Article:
Sunday, April 6, 2014

Lenin Imperialism Thoughts

"Imperialism is the eve of the social revolution of the proletariat" (210). Lenin chooses to leave us with this sentiment before he describes how imperialism is the highest stage of capitalism. His idea of the labour aristocracy, or workers-turned-bourgeois, is interesting. He calls them a social prop. Meaning they don't even truly understand what they're being used as in the large scale of things, to make people pick "Versaillese" over "Communards" without understanding why they're picking it.
The way that Lenin discusses other authors, publications, newspapers, etc. usage of the word 'imperialism' really proves that he thinks the media had a huge (incorrect) sway over the public, and he has to right that wrong. He explains why the transformation of competition into monopoly is the biggest and most important phenomena of the modern capitalist economy. He uses a lot of numbers to prove that almost all of the money is going to a tiny sliver of the highest up people, and not the millions working for them. He makes a good point, but so far he isn't giving any suggestions as to how to change that, other than complete social reform where there is no competition - which I still believe would create more chaos and destruction in the long run. It's our basic human instinct to compete and be better than others - why else would we notice our property, enter a state of war and then enter civil society? In every situation, that's where we end up. We can't curb that basic human intuition.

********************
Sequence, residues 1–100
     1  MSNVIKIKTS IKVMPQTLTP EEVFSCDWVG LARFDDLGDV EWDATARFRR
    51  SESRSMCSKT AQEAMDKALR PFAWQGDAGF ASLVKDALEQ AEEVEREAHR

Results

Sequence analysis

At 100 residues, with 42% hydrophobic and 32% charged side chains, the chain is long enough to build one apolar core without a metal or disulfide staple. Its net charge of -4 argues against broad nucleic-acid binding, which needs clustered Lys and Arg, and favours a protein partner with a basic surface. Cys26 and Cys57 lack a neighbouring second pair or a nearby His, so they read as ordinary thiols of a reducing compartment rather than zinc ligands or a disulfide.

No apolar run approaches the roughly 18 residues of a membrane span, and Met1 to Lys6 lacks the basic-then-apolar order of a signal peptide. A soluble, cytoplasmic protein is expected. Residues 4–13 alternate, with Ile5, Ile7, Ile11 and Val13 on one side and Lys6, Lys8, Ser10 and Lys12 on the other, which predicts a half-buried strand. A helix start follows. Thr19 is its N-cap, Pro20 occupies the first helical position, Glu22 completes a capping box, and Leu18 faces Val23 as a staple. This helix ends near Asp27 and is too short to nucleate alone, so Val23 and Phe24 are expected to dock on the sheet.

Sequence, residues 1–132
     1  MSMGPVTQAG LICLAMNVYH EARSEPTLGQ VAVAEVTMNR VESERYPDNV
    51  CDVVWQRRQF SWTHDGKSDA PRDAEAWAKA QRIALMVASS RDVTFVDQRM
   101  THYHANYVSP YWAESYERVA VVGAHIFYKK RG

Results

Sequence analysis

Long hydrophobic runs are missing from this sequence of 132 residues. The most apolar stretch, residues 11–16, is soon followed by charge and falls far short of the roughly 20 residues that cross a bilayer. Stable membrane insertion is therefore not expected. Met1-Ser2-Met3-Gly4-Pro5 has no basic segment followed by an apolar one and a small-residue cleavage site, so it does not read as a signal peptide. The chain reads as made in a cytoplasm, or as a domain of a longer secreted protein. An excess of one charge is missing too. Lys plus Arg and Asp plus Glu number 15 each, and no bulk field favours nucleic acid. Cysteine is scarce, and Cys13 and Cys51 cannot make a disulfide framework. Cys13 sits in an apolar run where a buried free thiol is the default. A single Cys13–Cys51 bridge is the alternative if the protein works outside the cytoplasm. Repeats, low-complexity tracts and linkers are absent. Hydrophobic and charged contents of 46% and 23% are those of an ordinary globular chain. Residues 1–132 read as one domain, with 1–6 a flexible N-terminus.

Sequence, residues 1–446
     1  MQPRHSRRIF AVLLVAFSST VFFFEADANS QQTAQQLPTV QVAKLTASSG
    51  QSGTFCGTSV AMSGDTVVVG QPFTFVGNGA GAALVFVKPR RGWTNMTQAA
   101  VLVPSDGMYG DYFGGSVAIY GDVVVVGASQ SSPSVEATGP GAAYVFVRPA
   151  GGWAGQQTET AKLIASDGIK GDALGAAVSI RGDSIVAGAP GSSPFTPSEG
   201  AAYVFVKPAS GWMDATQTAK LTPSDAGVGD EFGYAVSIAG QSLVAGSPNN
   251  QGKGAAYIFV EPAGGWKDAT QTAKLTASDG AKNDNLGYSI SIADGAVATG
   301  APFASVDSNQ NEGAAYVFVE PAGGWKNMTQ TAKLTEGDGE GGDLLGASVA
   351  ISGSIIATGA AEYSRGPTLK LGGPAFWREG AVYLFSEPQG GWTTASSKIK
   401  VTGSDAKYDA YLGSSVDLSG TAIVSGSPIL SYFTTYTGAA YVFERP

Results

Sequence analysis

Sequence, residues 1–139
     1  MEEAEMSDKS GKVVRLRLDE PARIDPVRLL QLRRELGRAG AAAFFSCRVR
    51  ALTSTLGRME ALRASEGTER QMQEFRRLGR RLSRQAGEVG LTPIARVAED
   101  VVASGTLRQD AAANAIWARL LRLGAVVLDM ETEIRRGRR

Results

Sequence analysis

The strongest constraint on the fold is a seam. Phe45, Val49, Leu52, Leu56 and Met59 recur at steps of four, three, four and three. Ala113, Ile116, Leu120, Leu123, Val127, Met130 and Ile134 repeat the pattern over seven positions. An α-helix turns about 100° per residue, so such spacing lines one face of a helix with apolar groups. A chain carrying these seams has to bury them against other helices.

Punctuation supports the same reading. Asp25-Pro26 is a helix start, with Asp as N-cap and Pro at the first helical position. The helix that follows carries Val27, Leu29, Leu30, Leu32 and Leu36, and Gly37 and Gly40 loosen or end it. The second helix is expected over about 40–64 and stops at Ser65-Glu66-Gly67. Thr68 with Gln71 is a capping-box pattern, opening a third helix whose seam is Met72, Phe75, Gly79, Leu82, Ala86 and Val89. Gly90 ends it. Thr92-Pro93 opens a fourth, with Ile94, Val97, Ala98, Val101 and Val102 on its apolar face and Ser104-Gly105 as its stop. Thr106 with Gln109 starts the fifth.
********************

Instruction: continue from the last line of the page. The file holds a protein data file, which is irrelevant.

1 comment:

  1. Reading this blog post, in addition to our reading and discussions on Marx and this Lenin reading, made me really think about how we read these texts. Jordan (and I) disagree with Lenin's critique of modern capitalism, and although I can't speak for her I also disagreed with Marx's fundamental argument against capitalism (although I did see some admittedly valid points...I'm with him on the whole wage-labor-as-alienation idea), and I think our opinions (or at least mine; again, can't really speak for her!) have to do with the baggage we carry as we read and discuss these works. I've grown up a player in a capitalist society and have, for the most part, benefited from it. It's what I'm used to. And in history lessons we learn about how communism is bad and capitalism is the best, because it's what we have and what works for us. I think these texts are difficult for us to wrap our heads around because of our naturalized bias against these ideologies. This is more of a broad reflection than a specific look into the text, but I think it's important to acknowledge the inherent conflicts that exist between us as readers and the current documents that we are reading in order to be able to consciously put them aside so we can start to understand the texts.


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